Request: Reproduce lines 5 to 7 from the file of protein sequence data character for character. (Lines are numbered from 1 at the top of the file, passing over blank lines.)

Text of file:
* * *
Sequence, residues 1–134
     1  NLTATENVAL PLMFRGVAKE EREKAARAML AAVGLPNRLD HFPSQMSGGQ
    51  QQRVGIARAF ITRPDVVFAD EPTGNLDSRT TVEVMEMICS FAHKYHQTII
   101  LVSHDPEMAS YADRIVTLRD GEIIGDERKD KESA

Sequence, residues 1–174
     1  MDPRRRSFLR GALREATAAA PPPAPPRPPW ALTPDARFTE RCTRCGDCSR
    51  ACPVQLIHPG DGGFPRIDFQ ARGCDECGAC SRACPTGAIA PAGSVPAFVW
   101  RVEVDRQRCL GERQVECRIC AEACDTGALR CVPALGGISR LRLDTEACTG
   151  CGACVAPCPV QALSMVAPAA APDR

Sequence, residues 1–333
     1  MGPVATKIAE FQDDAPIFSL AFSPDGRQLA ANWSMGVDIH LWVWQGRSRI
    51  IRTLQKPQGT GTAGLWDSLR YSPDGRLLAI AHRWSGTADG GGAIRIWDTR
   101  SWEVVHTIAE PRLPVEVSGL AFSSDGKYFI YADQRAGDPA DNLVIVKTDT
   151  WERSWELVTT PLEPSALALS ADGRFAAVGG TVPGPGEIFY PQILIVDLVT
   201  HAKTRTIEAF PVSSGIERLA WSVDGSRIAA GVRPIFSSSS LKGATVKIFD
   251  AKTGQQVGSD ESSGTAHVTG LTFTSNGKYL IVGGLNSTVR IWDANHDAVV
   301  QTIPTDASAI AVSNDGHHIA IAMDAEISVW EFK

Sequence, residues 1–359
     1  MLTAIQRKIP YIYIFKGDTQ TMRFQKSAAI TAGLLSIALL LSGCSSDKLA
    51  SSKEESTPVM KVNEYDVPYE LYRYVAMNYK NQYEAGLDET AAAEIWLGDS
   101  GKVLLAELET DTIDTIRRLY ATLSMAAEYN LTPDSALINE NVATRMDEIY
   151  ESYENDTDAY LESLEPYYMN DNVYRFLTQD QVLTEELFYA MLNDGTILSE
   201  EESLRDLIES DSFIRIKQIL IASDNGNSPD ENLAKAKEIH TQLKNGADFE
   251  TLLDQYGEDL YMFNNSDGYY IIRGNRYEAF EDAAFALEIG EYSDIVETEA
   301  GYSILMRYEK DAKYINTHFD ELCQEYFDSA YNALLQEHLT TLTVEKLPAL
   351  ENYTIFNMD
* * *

Sequence, residues 1–174
     1  MDPRRRSFLR GALREATAAA PPPAPPRPPW ALTPDARFTE RCTRCGDCSR
    51  ACPVQLIHPG DGGFPRIDFQ ARGCDECGAC SRACPTGAIA PAGSVPAFVW